02 June 2006

Álvarez on poetry

From Robert Birnbaum's chat with Julia Álvarez:
JA: When I go to Breadloaf, I like to go to the poetry lectures. I am much more interested in what the poets have to say. They are the ones at the cutting edge where language meets the ineffable, the silence. Seamus Heaney gave a reading a few years back at Middlebury and he said poetry is about [she opens her mouth as if to say something]. He just stood there, his mouth hanging open, as if dumbfounded, like he couldn't find the words.

RB: [laughs]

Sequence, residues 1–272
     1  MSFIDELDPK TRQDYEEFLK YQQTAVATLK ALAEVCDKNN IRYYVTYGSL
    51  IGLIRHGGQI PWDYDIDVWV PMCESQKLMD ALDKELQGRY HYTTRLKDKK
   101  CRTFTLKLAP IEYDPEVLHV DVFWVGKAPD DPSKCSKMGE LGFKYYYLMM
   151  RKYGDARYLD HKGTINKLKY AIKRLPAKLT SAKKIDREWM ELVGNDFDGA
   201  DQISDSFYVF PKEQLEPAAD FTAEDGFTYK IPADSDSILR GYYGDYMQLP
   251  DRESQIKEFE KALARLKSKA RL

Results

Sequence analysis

JA: His point, I think, was that poetry tries to put into words what can't be put into words! That is what poets do. I think of them as the hot lava pushing out. They are the scouts, traveling out into the unknown where language has not gone before. They are doing interesting things with language, thinking about ways of using syntax. They talk about line breaks, about the breath as opposed to the visual cutting off of language. Storytellers, we're the settlers, we come in later, we need schools and a post office and homes and day care centers—but I am more interested in poets. I learn more from them. I don't know why.

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